Saturday 20 October, 1.30pm until 3.00pm, Pit Theatre
The economic crisis in Europe has become the new normal, a continual background to daily life. Every attempt at stabilisation seems to fall apart, every austerity measure seems to shrink GDP and boost unemployment, every firewall is raced through by capital in flight, every demand for more integration is met with calls for customs borders and protectionist tariffs. So why does the Euro, let alone the EU, continue to exist? Given the continuing rise of China, India and the rest of the developing world, does Europe even have an economic future except as a tourist destination? Or, just as the global financial crisis morphed into a series of sovereign debt crises, might Europe’s woes engulf states worldwide?
Despite fears that Europe as a whole would unravel should Greece exit, attitudes in Brussels and Germany changed quickly as that prospect became more and more likely. Could redefining Europe around a northern, German-dominated model work? Is there a distinction to be made between fiscally prudent countries and their irresponsible and profligate neighbours? Was it right to expect Greece to be more ‘realistic’ and be more like Bulgaria? And why is there such hostility to the idea that countries like Greece, Spain, Portugal or Ireland might be better off with devalued currencies to increase their competitiveness? Closer economic integration seems the only game in town, but surely there is a basic democratic right to decide how our wealth should be distributed: one that is ignored when money goes to bail out Ireland or Spain. There is also a danger, now bailouts have firmly enshrined moral hazard into the banking system, that national economies are being damaged by being kept afloat rather than allowed to fail. The extent of this distortion can be seen in the fact that investors are prepared to take negative returns on German bonds: security is the overriding concern.
Certainly Germany – with its exports, low inflation and unemployment – could be argued to be getting something right. But not every country can be export-led. Nor does every country have the same productivity, and low wages, as Germany – a reality that myths about lazy southern workers express in a crude form. Would the amount of restructuring required to boost productivity and competitiveness at the national level break the structures of the EU? Would the human cost be acceptable? Or could it be achieved across Europe by supra-national action? By the ECB forcing through fiscal and political union on top of monetary? When it comes to the prospects for the European economy, just what is myth and what is reality?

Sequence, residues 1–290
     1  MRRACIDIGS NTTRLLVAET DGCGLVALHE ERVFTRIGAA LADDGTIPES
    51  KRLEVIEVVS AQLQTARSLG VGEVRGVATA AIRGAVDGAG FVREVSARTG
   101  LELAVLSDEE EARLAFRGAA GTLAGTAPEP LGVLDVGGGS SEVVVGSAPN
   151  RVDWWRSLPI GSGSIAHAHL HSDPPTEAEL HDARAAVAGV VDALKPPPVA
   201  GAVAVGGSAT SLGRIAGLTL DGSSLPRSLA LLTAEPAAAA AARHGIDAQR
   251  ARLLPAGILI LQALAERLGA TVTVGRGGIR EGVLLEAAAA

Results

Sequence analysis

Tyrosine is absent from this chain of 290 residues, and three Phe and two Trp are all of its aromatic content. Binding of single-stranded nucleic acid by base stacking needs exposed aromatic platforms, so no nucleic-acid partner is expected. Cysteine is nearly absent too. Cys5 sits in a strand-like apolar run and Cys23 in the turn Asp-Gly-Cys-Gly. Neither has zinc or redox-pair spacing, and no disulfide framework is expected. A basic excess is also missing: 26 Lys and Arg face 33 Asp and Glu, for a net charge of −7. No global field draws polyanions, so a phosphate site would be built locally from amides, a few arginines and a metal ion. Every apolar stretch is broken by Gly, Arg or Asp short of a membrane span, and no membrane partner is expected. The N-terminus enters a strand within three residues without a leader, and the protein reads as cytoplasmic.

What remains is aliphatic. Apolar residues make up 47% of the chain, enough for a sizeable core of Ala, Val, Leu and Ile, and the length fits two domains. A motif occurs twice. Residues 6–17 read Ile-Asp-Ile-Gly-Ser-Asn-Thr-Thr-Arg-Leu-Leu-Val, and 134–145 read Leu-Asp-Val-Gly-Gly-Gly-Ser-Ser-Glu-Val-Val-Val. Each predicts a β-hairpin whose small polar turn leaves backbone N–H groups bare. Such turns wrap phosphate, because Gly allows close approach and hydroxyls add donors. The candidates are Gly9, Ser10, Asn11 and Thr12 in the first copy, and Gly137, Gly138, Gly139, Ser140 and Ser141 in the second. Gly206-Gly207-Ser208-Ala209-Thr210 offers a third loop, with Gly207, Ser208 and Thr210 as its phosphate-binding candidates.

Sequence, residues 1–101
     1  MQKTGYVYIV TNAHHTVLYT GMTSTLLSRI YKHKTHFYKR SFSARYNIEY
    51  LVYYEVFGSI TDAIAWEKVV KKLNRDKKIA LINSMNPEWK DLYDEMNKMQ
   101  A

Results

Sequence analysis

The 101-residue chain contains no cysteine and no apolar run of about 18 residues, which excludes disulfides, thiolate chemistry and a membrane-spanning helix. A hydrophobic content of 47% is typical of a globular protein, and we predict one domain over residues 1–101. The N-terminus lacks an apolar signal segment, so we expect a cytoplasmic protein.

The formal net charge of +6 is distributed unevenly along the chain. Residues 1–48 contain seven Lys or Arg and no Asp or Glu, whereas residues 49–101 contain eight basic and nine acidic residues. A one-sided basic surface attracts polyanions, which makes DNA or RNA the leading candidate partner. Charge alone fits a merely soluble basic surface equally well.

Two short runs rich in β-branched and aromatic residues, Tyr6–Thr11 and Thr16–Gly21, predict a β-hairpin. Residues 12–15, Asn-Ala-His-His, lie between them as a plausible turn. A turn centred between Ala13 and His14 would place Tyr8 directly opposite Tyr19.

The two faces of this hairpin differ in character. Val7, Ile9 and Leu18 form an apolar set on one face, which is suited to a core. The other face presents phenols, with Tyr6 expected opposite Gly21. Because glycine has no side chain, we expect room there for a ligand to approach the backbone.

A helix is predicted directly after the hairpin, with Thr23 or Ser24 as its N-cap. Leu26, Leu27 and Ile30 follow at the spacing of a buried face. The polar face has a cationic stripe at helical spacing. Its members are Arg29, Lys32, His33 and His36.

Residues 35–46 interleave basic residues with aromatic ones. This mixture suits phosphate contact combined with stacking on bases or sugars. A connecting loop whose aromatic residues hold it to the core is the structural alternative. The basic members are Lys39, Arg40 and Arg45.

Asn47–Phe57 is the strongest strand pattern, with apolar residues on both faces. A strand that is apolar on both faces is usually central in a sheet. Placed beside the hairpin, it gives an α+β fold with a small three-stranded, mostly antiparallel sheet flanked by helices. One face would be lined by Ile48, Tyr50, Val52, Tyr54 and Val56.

chairman and CEO, Rivada Networks; founder and chairman, Libertas Institute
economics editor, NovoArgumente; consultant (logistics, production and organisation), German automotive industry
visiting senior fellow, LSE’s European Institute; author, Immigrants: your country needs them and European Spring: Why Our Economies and Politics are in a Mess – and How to Put Them Right
economist and business manager; author, Creative Destruction: How to start an economic renaissance
economics reporter, Dow Jones Newswires and Wall Street Journal
convenor, The Academy; author, Being Cultured: in defence of discrimination
The budgetary austerity zealously applied by Madrid has revitalised demands for independence in Barcelona. Engaged in a fiscal and economic power struggle with the central government, Catalonia is threatening to disrupt the social and regional equilibrium that underlies Spanish democracy.José Manuel Pureza, presseurop, 2 October 2012
Should Germany leave the euro? It is, after all, the big country with an obvious exit option.Martin Wolf, Financial Times, 25 September 2012
Is there any way the ECB on its own could make it more credible that the eurozone will last? The answer is: yes and no.Martin Wolf, Financial Times, 11 September 2012
Politicians ignored or downplayed these in creating the Euro and indeed made the problem worse by watering down the controls that were in place. If the Euro is to survive in the long term, even greater political and fiscal integration and cooperation will be required.
Vicky Pryce, Biteback Publishing, 9 September 2012
To save the single currency beset by difficulties that stem from its initial design, Economics Nobel Prize laureate Paul Krugman argues that Europe should set its sights on low inflation but forget about implementing uniform austerity measures.Philippe Coste, presseurop, 6 September 2012
Declan Galey explains how Libertas wants to turn the European Union into a democratic institution that ordinary Europeans can believe in.
Bruce Arnold, Killynon House Books, 1 May 2012